The new perimeter
CSOs are mixing an assortment of technologies, approaches and policies to shore up defenses on the changing corporate boundary
By Elisabeth Horwitt
July 09, 2012 — CSO —
Back in 2008, guarding Motorola's perimeter was a lot simpler than it is today, recalls Paul Carugati, the company's information security architect. "It was OK to just open up [firewall] port 480 [to network traffic], because we knew that everything that ran over it was HTTP," he says.
But with the rapid growth of Web 2.0 applications, e-commerce environments and cloud services, he adds, "in 2010, that wasn't so true; in 2011, it wasn't true at all."
Management was continually questioning Carugati about the risk exposure related to a critical service or a social media environment, and the possibility of infiltration of the company's data through social media. Motorola's then-current firewall technology could trace users' IP addresses, but it could not track applications and so was unable to monitor which ones were exposed.
[Also read The 7 deadly sins of network security]
To address the issue, Motorola's security department added a next-generation firewall (NGFW) to its perimeter defense mix. In addition to traditional Level 3 and 4 firewall security, the platform can track outgoing and incoming traffic at the application level. This has brought huge gains in visibility, control and enforcement, Carugati reports. Now, it's clear "which apps are flowing through that egress environment, including apps we thought we weren't allowing outbound and ones we didn't know about," he says.
That visibility enables the security team to enforce far more granular security policies at the application level, rather than at the network protocol and port levels. Furthermore, management can now draw a far more accurate picture of the company's social network presence and interactions, for risk assessment and compliance with regulations such as PCI DSS, Carugati says.
NGFWs are just one way in which companies are revamping their defenses in response to new threat vectors that have grown out of businesses' growing use of and dependency on Web applications, social media, cloud computing, virtualization, wireless networks and mobile devices. These technologies continue to change the fundamental nature of business computing and communications.
As a result, the corporate boundary has become increasingly porous and difficult to define—some would even contend that it's nonexistent—rendering traditional notions of "protecting the perimeter" obsolete. Not that companies like Motorola have jettisoned traditional defenses, such as legacy firewalls, intrusion prevention and detection systems, antivirus and antispam programs, VPNs, and the like. Rather, they have started looking at perimeter defense in a more multileveled, multilayered way.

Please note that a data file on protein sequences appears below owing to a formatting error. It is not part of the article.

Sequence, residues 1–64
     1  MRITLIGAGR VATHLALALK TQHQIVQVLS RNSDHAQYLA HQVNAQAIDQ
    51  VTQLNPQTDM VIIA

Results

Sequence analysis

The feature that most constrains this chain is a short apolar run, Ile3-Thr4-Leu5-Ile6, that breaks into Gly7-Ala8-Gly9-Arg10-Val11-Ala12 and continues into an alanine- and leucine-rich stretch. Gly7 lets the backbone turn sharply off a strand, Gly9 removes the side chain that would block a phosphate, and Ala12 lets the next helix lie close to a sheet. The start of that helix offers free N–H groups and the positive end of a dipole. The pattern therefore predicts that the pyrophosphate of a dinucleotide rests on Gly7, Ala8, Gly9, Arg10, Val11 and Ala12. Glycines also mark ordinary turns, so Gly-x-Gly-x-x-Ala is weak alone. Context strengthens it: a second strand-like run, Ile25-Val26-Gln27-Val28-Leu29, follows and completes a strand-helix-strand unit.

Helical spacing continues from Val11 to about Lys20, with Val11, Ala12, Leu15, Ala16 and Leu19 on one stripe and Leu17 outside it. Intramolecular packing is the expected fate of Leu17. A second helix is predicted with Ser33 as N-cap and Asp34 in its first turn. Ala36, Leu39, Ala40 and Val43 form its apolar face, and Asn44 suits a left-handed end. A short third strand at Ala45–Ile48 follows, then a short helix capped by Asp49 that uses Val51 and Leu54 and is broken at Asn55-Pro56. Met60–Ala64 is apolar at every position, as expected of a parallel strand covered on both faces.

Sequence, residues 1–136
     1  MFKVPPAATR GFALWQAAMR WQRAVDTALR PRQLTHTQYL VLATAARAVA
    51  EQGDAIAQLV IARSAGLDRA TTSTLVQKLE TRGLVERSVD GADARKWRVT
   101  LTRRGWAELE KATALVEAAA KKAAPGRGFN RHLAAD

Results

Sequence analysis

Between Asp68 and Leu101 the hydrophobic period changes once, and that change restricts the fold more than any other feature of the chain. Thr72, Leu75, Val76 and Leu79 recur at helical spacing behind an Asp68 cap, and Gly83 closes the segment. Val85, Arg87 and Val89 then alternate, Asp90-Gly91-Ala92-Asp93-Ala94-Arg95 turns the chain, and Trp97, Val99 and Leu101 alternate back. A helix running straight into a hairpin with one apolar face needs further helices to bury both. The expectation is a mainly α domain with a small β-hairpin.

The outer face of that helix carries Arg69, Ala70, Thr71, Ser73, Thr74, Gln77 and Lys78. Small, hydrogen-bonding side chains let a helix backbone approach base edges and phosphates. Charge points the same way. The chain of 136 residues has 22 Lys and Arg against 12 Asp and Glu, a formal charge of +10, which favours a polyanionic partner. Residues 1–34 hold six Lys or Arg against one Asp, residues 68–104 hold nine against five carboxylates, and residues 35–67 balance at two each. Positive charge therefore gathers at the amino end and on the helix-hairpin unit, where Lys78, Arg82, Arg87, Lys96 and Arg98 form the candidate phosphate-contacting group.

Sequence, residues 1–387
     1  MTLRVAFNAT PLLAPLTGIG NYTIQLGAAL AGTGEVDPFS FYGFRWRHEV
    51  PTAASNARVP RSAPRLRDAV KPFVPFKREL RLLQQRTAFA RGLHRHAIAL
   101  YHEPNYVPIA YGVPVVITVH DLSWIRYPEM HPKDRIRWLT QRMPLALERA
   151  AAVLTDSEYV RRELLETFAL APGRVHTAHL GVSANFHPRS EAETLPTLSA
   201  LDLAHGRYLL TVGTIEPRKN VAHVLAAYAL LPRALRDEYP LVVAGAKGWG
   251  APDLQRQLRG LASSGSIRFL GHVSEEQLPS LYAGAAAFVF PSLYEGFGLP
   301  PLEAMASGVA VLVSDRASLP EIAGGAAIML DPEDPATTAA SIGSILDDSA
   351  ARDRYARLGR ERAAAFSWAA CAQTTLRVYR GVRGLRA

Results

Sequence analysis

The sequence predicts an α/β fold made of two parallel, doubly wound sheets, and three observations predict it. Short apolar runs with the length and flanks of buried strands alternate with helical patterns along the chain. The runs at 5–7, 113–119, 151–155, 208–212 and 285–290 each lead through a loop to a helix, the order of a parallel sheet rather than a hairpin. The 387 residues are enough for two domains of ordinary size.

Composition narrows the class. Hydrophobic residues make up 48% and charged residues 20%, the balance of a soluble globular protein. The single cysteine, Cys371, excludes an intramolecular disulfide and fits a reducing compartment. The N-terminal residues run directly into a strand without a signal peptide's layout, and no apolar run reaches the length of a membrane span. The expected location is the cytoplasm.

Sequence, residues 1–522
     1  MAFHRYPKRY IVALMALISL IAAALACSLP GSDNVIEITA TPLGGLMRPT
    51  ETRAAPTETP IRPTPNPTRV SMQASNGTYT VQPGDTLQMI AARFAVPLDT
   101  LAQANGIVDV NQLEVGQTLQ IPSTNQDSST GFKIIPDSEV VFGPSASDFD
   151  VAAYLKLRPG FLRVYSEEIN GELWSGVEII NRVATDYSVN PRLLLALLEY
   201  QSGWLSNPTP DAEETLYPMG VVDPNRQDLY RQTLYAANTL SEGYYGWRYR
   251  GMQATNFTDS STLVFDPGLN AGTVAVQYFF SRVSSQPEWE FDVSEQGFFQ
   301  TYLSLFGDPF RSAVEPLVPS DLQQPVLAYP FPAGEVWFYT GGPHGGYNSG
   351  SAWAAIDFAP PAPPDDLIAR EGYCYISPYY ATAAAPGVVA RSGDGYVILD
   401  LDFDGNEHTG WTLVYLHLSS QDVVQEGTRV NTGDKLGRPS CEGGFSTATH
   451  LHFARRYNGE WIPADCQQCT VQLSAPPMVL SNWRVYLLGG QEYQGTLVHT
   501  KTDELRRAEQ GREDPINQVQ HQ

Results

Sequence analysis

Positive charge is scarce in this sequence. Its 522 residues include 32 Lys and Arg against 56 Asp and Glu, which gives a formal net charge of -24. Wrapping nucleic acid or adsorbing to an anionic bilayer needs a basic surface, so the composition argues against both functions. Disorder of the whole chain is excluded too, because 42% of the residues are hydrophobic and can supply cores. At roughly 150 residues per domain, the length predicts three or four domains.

A Multilayered Perimeter Defense
Industry experts advise CSOs to take a defense-in-depth approach that deploys multiple layers of security, so that malware and other threats that slip by the first line of defense get caught by the second or third.
That means going well beyond traditional perimeter defenses—namely, network firewalls—which monitor and control traffic on the basis of source and destination IP addresses, network protocols and port numbers. That leaves them incapable of defending against the 60 percent to 70 percent of attacks that now occur at the application level, according to Jon Oltsik, senior principal analyst at Enterprise Strategies Group.
For example, a network firewall can accept HTTPS traffic and block HTTP traffic from the Internet to a Web server. Without app awareness, however, it cannot distinguish between customer and hacker HTTPS traffic, Oltsik says.
Smart CSOs are bolstering this first line of defense with technologies such as NGFWs and Web application firewalls (WAFs), which can perform deep-packet inspection and identify known hacker signatures and abnormal behavior.
NGFWs typically monitor inbound and outbound enterprise traffic, identifying malware that may be riding on top of a trusted link, as well as app-level end user activities that are inappropriate, risky or prohibited. WAFs specifically monitor traffic between Web clients and servers.
Polk, a leading provider of data and marketing services for the auto industry, has supplemented its traditional firewall with F5 Networks' Big-IP Application Security Manager. The WAF protects Web servers from common app-level attacks such as SQL injection, says Ethan Steiger, the company's CSO. This has saved the company from the expense of redeveloping a number of Web apps with known code-related vulnerabilities.